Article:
Longtime readers will, of course, remember my dog:
Oh, wait; wrong picture.
There we go.
Anyway, I was walking the dog the other day, and pondering the fact that he's less interested in other dogs than in the smells (or other things) that they produce. I've seen him examine intently an area of recent bedewment by another dog, while ignoring the dog itself.
How odd, I thought. It's like reading someone's calling card, but not talking to them. I, a sensible human with appropriate priorities, would never do something as silly as that.
Yet, of course, I do that all the time.... with my comic books.
Writers? Writers are mere details, just credits on the splash page; I ignore them all the time, and focus instead on their product, on what they've left behind. And, no, I am not metaphorically calling most comic book stories doggy doo; my dog and I simply have differing interests. And I'm well aware intellectually that writers (oh, and artists, too) are important because they produce the product I enjoy. I'm just saying writers interest me only to the degree I can smell what characters they recently ingested and what literary product came out the other end of the process.
Is that strange?
Then again, on another level, even the stories themselves aren't my point of interest. Not really. Yes, I like to read good stories. But quality of the stories is, in the final analysis, less important to me (and, I think, posterity) than the contribution they make to the myth of the characters within them. So something stupid or unlikely things happened in a story you read; so what? Most of the stories that enamored us of comic books and their characters had/have stupid or unlikely things in them.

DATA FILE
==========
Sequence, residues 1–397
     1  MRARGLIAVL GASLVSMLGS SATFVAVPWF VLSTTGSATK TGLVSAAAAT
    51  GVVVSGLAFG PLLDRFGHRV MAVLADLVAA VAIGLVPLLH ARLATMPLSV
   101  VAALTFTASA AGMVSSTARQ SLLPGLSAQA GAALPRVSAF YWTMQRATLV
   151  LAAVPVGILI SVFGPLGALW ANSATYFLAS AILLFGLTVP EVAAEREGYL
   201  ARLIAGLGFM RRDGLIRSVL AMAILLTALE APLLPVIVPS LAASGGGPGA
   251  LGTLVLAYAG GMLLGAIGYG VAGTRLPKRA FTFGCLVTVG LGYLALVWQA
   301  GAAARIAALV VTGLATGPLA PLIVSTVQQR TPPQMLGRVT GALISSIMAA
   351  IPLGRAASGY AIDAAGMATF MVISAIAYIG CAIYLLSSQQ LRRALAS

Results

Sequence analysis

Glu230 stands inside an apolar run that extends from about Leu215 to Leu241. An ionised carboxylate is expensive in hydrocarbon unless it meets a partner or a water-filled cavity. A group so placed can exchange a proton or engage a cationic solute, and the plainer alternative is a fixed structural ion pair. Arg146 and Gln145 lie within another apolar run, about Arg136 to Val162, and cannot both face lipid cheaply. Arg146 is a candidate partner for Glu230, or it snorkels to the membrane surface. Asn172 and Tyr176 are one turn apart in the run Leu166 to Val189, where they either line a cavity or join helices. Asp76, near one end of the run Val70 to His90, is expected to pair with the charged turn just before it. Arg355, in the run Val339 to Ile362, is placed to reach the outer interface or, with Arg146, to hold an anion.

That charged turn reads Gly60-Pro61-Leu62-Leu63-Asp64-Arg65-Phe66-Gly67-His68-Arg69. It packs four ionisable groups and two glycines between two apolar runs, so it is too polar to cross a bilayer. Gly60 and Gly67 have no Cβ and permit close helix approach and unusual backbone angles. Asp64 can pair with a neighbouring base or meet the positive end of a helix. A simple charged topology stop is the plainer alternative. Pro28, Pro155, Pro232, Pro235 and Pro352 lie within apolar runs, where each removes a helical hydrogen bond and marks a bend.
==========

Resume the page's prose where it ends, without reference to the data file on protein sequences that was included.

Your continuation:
I -- and, I think, many people -- are more interested in the result of the story, than in the story itself. Did the characters involved become more interesting? Did their relationships with one another deepen or become richer? Did the universe of which they are part become richer or more interesting as a result of the story? Or perhaps, was a social or moral point made?
I think this may be why I am more satisified by my comic books than some other fans. I am reminded of a recent post in which I praised Paul Dini and his recent work on Batman. The post received many comments criticizing one of his stories as slapdash, lascivious, sloppy; that may very well all be true.
But all I saw was a story that made Poison Ivy more interesting to me, added an ironic twist to her work with plants, and deepened my understanding of the relationship between Batman & Robin. That's the only kind of thing I'm ever going to be able to remember longterm, not whether the ending was rushed or whether the art was too cheesecakish.
Is that strange?
Maybe I'm just as weird as my dog is.